"Let them eat cake" or "Qu'ils mangent de la brioche" in french is the inaccurate phrase attributed to Marie-Antoinette [1755-1793]
to show the social distance between working classes and the nobility.
Madame Victoire [1733-1799] "Oh God, if they could resign themselves to eating the crust of pâté!".
"The Book of Jin, a 7th-century chronicle of the Chinese Jin Dynasty, reports that when Emperor Hui (259–307) of Western Jin was told that his people were starving because there was no rice, he said:
Why don't they eat porridge with (ground) meat?"
There are similar patterns today about that ("History repeats itself").
The main topic of this blog post is 3 non-technical books for Software Engineer / Developer that could be useful for you if you are in the IT area!
This book Cracking the Coding Interview
is popular for Big Tech company interviews (Google, Amazon, Facebook, Microsoft, Apple) and companies in Silicon Valley.
The first part is a non-technical section where it focuses on the interview process, offer and behavioral questions.
The second part contains about 200 technical interview questions and answers in Java, C and C++
It's a perfect book to prepare for any future interviews (interviewer or interviewee)
I even remember doing an interview for one company and 3 questions were word for word taken from this book.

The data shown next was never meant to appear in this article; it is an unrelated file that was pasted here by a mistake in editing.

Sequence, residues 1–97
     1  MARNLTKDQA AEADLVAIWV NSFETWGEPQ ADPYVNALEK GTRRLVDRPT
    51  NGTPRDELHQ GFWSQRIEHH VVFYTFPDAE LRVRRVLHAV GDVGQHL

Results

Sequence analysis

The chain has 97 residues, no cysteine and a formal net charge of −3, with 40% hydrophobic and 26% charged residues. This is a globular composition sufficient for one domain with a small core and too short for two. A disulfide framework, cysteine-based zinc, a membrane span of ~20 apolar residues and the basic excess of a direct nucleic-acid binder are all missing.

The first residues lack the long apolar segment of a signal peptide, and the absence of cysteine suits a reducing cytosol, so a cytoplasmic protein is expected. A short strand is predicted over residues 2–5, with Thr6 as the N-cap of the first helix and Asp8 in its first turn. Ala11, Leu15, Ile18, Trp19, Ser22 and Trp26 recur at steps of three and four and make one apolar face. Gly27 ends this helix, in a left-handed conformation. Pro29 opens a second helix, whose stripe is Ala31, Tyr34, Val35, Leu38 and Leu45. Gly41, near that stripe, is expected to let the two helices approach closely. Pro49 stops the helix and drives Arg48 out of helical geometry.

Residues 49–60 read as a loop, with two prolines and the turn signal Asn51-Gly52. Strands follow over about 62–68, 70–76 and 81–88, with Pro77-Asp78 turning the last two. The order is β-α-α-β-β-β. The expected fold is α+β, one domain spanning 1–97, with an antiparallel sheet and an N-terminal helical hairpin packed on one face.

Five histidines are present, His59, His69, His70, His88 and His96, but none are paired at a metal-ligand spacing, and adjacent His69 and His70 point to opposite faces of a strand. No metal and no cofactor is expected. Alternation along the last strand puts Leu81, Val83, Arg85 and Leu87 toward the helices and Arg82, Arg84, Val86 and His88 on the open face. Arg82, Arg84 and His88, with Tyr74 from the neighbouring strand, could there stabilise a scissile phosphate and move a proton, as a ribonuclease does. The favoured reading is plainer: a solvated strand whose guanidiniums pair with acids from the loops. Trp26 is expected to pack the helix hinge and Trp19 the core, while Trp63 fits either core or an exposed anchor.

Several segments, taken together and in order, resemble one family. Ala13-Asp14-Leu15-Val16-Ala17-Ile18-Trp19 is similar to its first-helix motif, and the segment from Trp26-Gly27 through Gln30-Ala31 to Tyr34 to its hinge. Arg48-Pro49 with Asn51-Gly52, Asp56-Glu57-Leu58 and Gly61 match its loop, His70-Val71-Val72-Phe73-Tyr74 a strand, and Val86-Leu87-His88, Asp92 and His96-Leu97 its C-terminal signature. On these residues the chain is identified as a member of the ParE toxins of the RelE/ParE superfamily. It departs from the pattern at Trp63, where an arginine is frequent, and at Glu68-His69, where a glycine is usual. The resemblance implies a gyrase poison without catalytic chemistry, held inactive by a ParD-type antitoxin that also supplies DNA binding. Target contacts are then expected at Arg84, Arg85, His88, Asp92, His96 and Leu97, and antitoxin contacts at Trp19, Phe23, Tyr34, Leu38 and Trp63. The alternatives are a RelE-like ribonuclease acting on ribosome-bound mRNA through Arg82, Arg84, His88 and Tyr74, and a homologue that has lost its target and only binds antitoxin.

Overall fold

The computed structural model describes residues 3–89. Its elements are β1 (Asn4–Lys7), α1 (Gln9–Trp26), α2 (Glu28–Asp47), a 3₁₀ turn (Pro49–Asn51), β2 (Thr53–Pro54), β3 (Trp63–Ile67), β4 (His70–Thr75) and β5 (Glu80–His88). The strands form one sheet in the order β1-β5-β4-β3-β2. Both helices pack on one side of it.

I bought this book
Soft Skills: The software developer's life manual
in February 2015.
It shows different topics with Benefits or Drawbacks like:
- Company size (small vs large), freelancing (employee versus freelancer), startup
- Working Remotely survival strategies (time management, self-motivation, ...)
- Career, goals, productivity, habits, advice
- Financial, fitness, spirit
There is one quote I really like and apply from this book:
"Give away 90% of what you do for free! - I'm a firm believer that 90% of the content you produce should be completely free. There's nothing wrong with charging money for your hard work, but you'll find the most success when you're giving people solid value mostly for free."
The last book is Staff Engineer: Leadership beyond the management track.
- Career ladder (dual track)
- Technical roles / schedules
- Stories / Q&A from Staff Software Engineers like Slack, Dropbox, Uber, ...
One question repeatedly asked from stories is:
"Did you ever consider engineering management, and if so how did you decide to pursue the staff engineer path?"
- "I wouldn't really enjoy that work!"
- "I don't want to be a manager. I love coding too much and I strongly believe that to be a successful manager you should not write code, ..."
- "As a manager you have very explicit responsibilities for things like headcount and performance reviews. Staff engineer responsibilities are really fuzzy and different across companies. That ambiguity around staff roles leads many folks to make the lateral switch to management who would have been happier staying as an engineer."
This is the path (engineering management) that I will never step in or like Warren Buffet said: "Know your circle of competence, and stick within it!"
Here are some pictures from my Arizona trip some days before the lockdown (> 2.5 years ago):
Thanks for reading,
“When the lie takes the elevator, the truth takes the stairs. It takes longer but it always ends up arriving.»